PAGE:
The Psalms: First Introduction of the Remnant

Psalm  •  2 min. read  •  grade level: 10
The Psalms—so Hannah's song, etc., are the first introduction of the Remnant, on the failure of judicial and priestly economy, under Jehovah as their King—the only right thing short of Christ, and therefore introducing, in the hope and joy of the Remnant, at once the King, the Anointed (for prophecy was but a ministration of testimony)—Samuel when weaned from his mother, to be "before the Lord forever."
So all the Psalms are testimonies not of the Spirit from Jehovah to the people, but the Spirit of Christ in the Remnant towards Jehovah. You may sometimes see it speaking in the prophets as in Christ and them, but it is always prophetically" I fed the poor of the flock," “I and the children which God hath given me are for signs and wonders, etc."—so that it is still the same prophetic testimony; they knew that it was the Word of the Lord, but here it is the effect in the believing Remnant, and therefore in its highest character in Christ, which place, that He might be in them by His Spirit—take His place among them and lead them in Spirit, He expressly takes in Psa. 16, which is just its force.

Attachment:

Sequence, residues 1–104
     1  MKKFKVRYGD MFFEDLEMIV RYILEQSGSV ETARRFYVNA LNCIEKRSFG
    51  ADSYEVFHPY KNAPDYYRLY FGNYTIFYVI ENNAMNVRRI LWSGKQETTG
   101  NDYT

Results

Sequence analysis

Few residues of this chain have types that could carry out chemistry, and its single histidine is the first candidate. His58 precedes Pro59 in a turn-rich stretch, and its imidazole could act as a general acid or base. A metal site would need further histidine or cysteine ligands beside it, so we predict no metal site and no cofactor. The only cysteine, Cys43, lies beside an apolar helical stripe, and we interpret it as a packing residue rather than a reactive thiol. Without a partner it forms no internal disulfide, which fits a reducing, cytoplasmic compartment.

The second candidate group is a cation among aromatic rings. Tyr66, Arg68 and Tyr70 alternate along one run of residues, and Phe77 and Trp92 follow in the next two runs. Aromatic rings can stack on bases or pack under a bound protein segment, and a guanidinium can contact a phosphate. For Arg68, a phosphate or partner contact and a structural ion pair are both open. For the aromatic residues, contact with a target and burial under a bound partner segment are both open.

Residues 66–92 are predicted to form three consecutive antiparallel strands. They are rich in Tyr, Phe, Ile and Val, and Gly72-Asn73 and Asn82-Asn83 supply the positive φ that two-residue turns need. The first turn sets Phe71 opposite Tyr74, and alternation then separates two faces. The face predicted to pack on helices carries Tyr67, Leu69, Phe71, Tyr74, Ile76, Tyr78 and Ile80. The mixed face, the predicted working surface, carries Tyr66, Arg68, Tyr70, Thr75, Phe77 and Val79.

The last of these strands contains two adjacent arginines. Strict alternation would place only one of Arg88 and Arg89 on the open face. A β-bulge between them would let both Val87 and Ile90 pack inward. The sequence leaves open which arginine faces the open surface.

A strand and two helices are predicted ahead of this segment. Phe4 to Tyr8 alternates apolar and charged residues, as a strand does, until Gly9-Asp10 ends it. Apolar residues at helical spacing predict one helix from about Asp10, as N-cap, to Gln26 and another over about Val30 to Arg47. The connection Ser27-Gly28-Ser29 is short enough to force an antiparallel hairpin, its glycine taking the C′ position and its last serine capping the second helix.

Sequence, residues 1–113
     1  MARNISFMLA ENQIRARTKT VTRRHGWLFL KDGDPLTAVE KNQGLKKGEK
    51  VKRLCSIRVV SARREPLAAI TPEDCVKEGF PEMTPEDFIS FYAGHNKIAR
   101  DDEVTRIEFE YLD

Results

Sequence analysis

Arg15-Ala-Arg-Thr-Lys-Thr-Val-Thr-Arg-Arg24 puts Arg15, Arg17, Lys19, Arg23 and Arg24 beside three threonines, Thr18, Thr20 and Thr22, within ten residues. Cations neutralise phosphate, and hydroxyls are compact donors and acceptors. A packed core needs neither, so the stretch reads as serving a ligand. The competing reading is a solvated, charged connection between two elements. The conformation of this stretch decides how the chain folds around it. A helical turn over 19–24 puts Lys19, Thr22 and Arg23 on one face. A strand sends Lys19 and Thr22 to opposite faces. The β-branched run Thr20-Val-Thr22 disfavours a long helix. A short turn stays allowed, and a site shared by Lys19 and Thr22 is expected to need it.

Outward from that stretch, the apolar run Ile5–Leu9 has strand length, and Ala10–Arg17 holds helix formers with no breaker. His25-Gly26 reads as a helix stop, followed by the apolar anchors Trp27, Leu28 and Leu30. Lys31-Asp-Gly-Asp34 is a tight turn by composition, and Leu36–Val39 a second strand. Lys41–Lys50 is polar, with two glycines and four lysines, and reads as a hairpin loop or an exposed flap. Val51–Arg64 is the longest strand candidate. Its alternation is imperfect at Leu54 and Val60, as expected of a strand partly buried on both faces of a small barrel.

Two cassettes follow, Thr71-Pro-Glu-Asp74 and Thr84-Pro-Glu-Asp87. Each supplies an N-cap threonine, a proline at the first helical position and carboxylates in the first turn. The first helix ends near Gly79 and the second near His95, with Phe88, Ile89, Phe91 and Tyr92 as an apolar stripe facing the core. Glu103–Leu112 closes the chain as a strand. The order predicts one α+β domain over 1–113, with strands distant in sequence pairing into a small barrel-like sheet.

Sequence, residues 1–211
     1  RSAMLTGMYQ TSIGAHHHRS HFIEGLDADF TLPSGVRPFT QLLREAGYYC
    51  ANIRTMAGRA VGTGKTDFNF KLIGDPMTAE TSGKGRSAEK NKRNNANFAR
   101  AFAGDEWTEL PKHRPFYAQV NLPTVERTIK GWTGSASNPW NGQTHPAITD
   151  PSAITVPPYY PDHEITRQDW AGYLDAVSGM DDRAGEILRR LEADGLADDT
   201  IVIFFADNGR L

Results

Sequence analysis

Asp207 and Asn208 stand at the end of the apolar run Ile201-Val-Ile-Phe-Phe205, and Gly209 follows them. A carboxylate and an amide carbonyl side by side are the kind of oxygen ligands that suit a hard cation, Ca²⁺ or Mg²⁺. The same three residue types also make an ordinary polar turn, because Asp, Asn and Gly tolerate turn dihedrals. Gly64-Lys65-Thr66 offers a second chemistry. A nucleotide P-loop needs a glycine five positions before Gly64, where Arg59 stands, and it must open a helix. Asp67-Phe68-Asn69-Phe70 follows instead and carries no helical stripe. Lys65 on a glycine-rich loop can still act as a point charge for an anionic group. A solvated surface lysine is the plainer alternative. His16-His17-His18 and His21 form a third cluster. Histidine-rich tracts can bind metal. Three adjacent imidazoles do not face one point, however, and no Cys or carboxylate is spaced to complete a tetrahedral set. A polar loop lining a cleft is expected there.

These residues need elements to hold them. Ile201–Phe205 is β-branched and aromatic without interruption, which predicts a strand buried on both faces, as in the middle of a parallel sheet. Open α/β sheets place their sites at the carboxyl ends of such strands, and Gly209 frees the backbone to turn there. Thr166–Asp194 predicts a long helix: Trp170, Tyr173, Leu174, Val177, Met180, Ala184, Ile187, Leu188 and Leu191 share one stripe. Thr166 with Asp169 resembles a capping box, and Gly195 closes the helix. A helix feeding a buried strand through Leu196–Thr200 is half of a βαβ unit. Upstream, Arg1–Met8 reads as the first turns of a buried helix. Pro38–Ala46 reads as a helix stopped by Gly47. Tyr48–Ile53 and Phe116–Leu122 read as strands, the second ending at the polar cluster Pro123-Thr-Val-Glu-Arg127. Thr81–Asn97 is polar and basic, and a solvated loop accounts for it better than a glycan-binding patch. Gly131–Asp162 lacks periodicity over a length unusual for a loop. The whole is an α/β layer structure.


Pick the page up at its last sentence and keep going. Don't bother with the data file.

This gives a special and interesting character to these Psalms; it amounts to prophecy when it is the actual expression of Christ's Spirit in the circumstances in which He was to be placed; still it was what He felt, and not what was declared about Him. “Thou wilt not leave my soul in hell; neither wilt thou suffer thine Holy One to see corruption"—we are not aware how. It is taking Jehovah as God that is so marked in the Psalms; i.e., the God of the Jews as the true God, “Who is God save Jehovah?” The Lord quite merges this. There are also often, I should add, answers by the Spirit to Messiah, so placed as in the Psalms, and expressing His mind holly therein; and also identification of Him with Jehovah, as in the New Testament with the Father.